New targets announced by countries to drive down greenhouse gas emissions are projected to curb global warming to 2.4C by 2100, analysis suggests.
An “optimistic scenario” in which countries deliver fully on their promises to cut emissions to net zero by around mid-century could limit warming to 2C, the assessment by Climate Action Tracker (CAT) said.
But pledges made by countries to tackle pollution still leave the world well off track to meet the tougher limit of 1.5C under the international Paris Agreement, to avoid the most severe impacts of climate change.
And without new, stronger policies in place to meet the targets, the world could face warming of 2.9C by the end of the century, analysts warned.
Bill Hare, chief executive of Climate Analytics, one of the CAT partner organisations, said: “It is clear the Paris Agreement is driving change, spurring governments into adopting stronger targets, but there is still some way to go, especially given that most governments don’t yet have policies in place to meet their pledges.
“Our warming estimate from current policies is 2.9C – still nearly twice what it should be, and governments must urgently step up their action.”
The analysis includes new climate announcements by countries at a virtual summit last month hosted by Joe Biden, including the US’s pledge to halve emissions by 2030 and the UK’s promise to cut pollution by 78% by 2035, and those made since September last year.
The new targets, which include national plans for cutting emissions by 2030, known as “nationally determined contributions”, have brought down projected end of century warming by 0.2C, so it is now likely to be 2.4C.
If all the countries with pledges to cut their emissions to net zero in the longer term, including the US, China and 129 others covering nearly three quarters of global pollution, fully meet their goals, warming could be limited to 2C.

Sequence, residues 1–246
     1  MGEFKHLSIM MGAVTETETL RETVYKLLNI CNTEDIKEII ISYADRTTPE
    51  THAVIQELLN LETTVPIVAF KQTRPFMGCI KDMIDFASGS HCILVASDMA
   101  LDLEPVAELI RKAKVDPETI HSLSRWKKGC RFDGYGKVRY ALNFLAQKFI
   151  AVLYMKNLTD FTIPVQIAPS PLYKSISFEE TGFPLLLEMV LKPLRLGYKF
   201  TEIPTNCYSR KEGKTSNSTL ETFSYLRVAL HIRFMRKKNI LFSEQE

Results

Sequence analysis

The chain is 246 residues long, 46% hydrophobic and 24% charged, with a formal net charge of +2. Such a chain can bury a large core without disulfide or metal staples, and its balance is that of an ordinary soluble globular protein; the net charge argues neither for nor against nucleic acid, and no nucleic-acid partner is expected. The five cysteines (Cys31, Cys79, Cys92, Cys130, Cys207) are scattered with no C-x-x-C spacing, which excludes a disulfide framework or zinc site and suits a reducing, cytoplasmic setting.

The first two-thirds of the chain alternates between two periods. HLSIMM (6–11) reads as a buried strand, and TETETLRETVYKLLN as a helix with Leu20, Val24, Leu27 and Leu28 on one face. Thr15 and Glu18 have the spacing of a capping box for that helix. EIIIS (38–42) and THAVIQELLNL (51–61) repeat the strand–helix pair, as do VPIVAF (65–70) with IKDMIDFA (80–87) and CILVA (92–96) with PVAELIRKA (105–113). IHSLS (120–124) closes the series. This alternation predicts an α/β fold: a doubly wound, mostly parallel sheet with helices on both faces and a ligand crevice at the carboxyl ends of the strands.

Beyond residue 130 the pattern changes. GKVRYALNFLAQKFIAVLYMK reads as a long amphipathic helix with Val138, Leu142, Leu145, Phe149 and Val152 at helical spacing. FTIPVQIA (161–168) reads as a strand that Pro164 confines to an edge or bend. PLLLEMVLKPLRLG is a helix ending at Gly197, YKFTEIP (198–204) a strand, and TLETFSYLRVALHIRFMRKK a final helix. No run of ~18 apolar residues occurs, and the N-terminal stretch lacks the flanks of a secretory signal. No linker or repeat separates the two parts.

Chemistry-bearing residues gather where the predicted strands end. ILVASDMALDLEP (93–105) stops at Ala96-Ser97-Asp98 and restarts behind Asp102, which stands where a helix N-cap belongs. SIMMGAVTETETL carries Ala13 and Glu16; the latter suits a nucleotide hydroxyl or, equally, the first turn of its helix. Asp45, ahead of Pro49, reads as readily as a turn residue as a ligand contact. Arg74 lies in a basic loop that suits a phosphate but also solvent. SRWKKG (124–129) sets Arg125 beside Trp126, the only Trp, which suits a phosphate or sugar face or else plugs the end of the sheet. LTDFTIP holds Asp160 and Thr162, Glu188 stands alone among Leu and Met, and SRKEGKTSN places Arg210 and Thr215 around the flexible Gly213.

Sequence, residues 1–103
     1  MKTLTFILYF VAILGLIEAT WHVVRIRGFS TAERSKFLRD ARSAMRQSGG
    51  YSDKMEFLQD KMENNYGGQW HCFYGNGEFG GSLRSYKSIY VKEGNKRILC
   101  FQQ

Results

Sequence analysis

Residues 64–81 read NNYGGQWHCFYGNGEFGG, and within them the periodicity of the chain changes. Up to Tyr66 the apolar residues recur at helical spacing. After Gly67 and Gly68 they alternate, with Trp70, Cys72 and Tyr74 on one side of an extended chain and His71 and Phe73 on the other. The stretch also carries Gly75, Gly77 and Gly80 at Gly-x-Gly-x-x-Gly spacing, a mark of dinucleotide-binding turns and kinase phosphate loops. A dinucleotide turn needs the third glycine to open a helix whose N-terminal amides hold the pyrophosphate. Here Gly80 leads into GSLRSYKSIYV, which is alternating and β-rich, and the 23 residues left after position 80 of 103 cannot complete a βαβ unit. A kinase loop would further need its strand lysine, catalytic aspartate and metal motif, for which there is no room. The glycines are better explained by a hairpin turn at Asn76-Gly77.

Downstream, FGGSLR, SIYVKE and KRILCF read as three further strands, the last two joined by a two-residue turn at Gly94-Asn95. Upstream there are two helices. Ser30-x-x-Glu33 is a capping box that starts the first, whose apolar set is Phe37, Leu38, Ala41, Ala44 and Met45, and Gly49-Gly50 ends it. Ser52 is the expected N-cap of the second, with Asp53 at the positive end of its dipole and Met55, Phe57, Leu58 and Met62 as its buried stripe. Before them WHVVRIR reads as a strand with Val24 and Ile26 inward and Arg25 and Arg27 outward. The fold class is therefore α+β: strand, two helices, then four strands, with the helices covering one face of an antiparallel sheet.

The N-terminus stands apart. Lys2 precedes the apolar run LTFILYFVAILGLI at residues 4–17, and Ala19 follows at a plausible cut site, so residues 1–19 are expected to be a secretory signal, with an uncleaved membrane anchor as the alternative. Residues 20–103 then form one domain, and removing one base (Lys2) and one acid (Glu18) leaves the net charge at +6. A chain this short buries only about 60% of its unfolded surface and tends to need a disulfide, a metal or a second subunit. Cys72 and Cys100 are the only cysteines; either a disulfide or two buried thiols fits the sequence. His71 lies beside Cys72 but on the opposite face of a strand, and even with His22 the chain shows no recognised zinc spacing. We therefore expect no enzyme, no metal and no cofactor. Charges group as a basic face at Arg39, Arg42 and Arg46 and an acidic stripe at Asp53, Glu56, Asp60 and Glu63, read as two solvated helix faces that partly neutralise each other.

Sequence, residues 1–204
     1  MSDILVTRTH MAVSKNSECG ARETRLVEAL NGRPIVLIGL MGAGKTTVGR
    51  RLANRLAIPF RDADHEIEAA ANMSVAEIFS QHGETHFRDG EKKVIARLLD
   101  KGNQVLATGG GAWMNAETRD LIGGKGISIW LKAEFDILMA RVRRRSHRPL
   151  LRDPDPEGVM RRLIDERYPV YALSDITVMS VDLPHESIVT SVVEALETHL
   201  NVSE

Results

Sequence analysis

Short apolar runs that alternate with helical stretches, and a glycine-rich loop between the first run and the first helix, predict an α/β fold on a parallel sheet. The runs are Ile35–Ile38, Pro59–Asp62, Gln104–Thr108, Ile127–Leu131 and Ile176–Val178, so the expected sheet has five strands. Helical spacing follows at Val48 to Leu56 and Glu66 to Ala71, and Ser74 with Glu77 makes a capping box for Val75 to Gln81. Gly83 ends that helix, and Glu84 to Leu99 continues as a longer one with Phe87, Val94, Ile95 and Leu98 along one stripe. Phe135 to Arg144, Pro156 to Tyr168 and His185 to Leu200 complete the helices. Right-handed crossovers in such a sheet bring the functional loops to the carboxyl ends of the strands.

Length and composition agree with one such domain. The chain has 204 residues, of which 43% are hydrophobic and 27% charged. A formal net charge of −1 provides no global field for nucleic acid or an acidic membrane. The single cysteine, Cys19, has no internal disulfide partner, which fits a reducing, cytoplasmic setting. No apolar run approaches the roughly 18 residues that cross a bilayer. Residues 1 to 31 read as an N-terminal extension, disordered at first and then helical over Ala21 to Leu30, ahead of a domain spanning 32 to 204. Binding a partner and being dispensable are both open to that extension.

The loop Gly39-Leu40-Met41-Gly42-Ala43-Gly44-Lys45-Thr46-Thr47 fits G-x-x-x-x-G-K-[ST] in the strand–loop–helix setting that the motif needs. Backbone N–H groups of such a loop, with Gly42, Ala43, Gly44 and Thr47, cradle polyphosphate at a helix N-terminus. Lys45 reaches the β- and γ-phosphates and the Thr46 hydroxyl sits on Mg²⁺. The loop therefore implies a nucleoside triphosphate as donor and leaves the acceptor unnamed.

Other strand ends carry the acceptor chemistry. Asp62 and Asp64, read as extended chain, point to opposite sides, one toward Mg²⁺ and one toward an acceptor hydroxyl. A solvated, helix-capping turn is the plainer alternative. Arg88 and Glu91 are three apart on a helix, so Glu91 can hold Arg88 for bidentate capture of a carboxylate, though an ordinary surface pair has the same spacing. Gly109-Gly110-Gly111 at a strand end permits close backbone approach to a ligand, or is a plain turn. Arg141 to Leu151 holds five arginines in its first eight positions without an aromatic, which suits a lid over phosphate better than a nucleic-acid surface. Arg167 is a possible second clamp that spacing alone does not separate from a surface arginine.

Reaching net zero – which is needed to prevent temperatures from continuing to rise – involves cutting emissions as much as possible and offsetting any remaining pollution with action that absorbs carbon.
The Paris Agreement, which commits countries to limit temperature rises to “well below” 2C above pre-industrial levels and pursue efforts to keep them to 1.5C, to reduce the risks and impacts of climate change, is helping drive more ambitious targets, the analysis said.
Scientists warn that temperature rises above 1.5C will lead to more heatwaves, extreme rainstorms, water shortages and drought, greater economic losses and lower crop yields, higher sea levels and worse damage to coral reefs.
The analysis found the gap between the emissions cuts needed by 2030 to put the world on track to curb global warming to 1.5C and what countries have pledged to deliver has narrowed by 11-14% as a result of the new targets – but there is still a long way to go.
And with the world already around 1.2C warmer than it was in pre-industrial times, action is urgently needed, analysts from the NewClimate Institute and Climate Analytics, who produce the tracker, warn.
The assessment calls for countries to submit more ambitious 2030 targets to cut emissions, to get the world on track to curb warming to 1.5C this century, and to tighten their policies and implement them urgently.
Renewable electricity and electric vehicles are showing promise, but the analysis warned that some governments were still building coal-fired power plants and there was increasing uptake of gas for electricity, while there was also a trend towards larger, inefficient SUVs in some countries.